Louis Levey built the Levey Mansion in 1905 and located it in the distinctive Meridian corridor during Indiana’s cultural golden era, which lasted from the early 19th century and into the early 20th.

 Indianapolis’ First Citizens

Levey’s neighbors and fellow residents of Indianapolis were political and cultural giants. One of these prominent citizens was Benjamin Harrison, the future 23rd President of the United States, who moved to Indianapolis in 1854 from Cincinnati. Levey’s neighbor Charles Warren Fairbanks was vice president to Teddy Roosevelt when the Levey mansion was being constructed following distinguished service as a U.S. Senator.

 

On May 30, 1907, Fairbanks accompanied President Roosevelt on a visit to Indianapolis to dedicate a statue to Civil War Gen. Henry Lawton at the old Marion County Courthouse on East Washington Street. Levey, among other local dignitaries such as the author James Whitcomb Riley and Franklin Vonnegut, the grandfather of Kurt Vonnegut, visited with the President in the picture at the top of this page.

 

Golden Age of Indiana Literature

 Indiana’s authors and painters received national attention and popular acclaim during a period called the Golden Age of Indiana Literature: 1880 to 1920. A 1947 study found that Indiana authors during this time—Lew Wallace of Ben Hur fame, Meredith Nicholson, Booth Tarkington and James Whitcomb Riley among others—ranked second to New York in the number of bestsellers produced in the previous 40 years. This era corresponded with the ascendance of the Hoosier Group painters, famous for Impressionist-style landscape painting of Indiana’s Brown Country.

 Indiana had more than just poets and prose writers; the state’s writers encompassed historians, novelists, journalists, as well as those who write on the subjects of legal, philosophy, and science. These writers contributed to the celebration of Indiana life through story-telling and particularly through Riley’s famous “Hoosier dialect” and paved the way for future writers such as famed war correspondent Ernie Pyle.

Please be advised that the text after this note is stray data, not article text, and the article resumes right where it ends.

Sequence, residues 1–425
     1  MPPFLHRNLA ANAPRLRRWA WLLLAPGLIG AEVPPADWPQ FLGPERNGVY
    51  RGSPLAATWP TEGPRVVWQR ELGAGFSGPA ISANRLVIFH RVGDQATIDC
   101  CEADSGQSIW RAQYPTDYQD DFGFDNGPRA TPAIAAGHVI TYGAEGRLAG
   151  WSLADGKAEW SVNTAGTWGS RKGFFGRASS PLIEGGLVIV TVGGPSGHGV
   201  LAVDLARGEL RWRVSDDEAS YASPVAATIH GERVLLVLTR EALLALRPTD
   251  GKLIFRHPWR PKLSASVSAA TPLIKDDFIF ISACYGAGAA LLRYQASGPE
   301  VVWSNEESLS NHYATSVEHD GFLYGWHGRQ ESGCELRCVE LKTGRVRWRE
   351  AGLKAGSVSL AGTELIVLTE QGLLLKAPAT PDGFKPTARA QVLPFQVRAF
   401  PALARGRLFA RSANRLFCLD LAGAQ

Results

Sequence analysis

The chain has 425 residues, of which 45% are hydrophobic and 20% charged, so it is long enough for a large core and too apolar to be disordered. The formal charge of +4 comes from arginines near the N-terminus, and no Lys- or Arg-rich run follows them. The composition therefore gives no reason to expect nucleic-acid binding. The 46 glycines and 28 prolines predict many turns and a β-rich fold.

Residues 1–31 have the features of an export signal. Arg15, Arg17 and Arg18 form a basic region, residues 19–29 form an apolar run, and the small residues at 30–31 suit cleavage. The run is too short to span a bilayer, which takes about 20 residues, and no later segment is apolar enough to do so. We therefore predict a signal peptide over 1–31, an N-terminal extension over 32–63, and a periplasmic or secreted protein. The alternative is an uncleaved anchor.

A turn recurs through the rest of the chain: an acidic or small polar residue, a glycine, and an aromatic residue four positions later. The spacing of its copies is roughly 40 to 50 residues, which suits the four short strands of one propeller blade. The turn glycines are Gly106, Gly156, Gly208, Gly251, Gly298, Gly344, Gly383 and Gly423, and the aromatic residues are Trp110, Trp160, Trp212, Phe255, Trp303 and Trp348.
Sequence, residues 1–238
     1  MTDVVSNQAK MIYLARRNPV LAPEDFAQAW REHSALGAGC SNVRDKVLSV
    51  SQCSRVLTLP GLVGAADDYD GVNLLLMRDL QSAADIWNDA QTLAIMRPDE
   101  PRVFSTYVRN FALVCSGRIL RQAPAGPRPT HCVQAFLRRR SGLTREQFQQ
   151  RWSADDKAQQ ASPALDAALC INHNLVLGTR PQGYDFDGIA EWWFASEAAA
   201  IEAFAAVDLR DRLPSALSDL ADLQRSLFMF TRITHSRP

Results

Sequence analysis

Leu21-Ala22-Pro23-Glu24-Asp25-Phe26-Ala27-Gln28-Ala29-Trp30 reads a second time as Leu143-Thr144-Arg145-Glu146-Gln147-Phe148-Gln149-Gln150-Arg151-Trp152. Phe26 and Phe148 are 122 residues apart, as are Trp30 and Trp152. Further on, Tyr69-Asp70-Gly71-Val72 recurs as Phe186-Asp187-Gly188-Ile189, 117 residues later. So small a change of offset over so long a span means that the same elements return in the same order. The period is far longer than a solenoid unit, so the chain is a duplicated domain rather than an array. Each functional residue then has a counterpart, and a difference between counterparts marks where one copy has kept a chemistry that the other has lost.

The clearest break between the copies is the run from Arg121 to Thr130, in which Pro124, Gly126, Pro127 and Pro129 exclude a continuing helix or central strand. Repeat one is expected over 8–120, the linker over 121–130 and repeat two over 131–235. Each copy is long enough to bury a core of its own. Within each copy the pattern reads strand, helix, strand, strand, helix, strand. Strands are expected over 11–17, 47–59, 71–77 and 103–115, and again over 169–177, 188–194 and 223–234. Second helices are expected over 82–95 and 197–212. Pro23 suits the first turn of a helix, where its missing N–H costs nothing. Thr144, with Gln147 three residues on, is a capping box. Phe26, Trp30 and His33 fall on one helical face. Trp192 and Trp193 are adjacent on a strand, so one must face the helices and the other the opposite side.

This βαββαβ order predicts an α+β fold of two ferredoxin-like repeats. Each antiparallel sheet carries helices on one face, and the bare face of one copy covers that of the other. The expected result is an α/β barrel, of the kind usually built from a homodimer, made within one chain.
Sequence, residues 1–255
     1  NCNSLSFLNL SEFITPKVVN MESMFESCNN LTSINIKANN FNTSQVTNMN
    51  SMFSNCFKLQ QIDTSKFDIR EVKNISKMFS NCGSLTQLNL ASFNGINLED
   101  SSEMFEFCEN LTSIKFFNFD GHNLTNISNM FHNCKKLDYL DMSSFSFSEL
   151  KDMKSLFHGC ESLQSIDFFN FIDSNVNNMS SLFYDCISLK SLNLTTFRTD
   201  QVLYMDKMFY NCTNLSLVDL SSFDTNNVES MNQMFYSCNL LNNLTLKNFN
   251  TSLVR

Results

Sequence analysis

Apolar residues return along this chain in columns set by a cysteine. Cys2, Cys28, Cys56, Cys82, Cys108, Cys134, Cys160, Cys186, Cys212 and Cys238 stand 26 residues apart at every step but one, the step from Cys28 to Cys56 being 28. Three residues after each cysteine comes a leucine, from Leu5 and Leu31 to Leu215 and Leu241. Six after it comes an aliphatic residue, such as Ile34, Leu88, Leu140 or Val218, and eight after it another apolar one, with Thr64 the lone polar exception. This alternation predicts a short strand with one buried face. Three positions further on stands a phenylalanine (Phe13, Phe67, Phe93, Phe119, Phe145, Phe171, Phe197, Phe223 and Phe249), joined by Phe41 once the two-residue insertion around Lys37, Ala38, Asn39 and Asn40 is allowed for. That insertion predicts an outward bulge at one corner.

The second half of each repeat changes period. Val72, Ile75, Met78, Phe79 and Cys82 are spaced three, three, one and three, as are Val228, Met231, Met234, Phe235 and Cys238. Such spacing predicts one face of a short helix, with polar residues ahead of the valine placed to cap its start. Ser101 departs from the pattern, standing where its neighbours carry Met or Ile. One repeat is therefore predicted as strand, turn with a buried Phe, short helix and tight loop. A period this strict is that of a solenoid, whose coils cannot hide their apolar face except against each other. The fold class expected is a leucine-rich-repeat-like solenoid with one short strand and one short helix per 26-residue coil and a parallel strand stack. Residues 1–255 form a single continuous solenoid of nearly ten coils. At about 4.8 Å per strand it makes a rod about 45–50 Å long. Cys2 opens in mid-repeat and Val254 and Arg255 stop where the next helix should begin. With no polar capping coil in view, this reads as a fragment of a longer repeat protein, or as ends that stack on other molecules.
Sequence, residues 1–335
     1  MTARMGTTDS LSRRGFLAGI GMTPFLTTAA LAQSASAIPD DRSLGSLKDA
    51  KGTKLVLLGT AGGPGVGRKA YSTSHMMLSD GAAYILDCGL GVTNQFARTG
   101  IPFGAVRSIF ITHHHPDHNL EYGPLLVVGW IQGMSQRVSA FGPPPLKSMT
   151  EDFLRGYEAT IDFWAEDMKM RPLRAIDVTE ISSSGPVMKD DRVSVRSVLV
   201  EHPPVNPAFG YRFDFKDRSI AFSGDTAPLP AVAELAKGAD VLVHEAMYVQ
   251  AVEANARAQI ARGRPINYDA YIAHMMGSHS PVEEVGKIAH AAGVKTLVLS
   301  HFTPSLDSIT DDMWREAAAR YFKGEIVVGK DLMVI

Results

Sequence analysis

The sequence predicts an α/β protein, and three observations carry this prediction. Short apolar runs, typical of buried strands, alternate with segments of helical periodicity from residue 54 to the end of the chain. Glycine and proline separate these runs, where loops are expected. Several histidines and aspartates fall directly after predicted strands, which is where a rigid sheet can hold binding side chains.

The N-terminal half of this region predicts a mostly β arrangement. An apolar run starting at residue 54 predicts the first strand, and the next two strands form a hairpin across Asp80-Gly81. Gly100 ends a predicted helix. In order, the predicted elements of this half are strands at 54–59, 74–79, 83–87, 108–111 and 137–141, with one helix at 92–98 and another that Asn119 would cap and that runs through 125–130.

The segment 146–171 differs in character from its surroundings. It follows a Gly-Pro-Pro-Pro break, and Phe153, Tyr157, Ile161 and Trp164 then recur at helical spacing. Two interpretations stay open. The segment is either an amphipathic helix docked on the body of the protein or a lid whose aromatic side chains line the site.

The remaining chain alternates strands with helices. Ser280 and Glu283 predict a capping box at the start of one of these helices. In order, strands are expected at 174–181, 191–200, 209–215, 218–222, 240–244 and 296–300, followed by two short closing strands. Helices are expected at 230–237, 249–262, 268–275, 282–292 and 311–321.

A City of Memorials

Indiana’s pride in its citizens’ commitment to the flourishing of the United States is demonstrated by the fact that it is second only to Washington D.C. in acreage and number of monuments dedicated to veterans. It is also home to American Legion national headquarters. The Indiana War Memorial Plaza Historic District contains two museums, three parks, and 24 acres of monuments, statues, sculptures, and fountains in the heart of downtown Indianapolis. The arts played a role in these memorials too; at the celebration of the completion of the Sailors and Soldiers Monument, John Phillip Sousa and his band accompanied John Whitcomb Riley reciting one of his patriotic poems.

 The Sailors and Soldiers Monument has become symbolic of the City of Indianapolis and the state of Indiana. Indiana's official memorial to the common Hoosier soldiers was the result of then US Senator Benjamin Harrison who called for a statue that any military veteran’s mom or dad could walk by and say “That’s for my son.” It stands only 15 feet shorter than the Statue of Liberty.

 Indiana takes pride in its citizenry’s action-oriented approach to national and community challenges. None more so that when President Lincoln asked Indiana for 4.683 men to join the Union cause. Hoosiers responded by sending over 12,000 earning the praise of the Secretary of War, Edwin Stanton, who sent a personal note to Governor Oliver P. Morton to recognize Indiana’s contribution: “Well Done, Indiana.”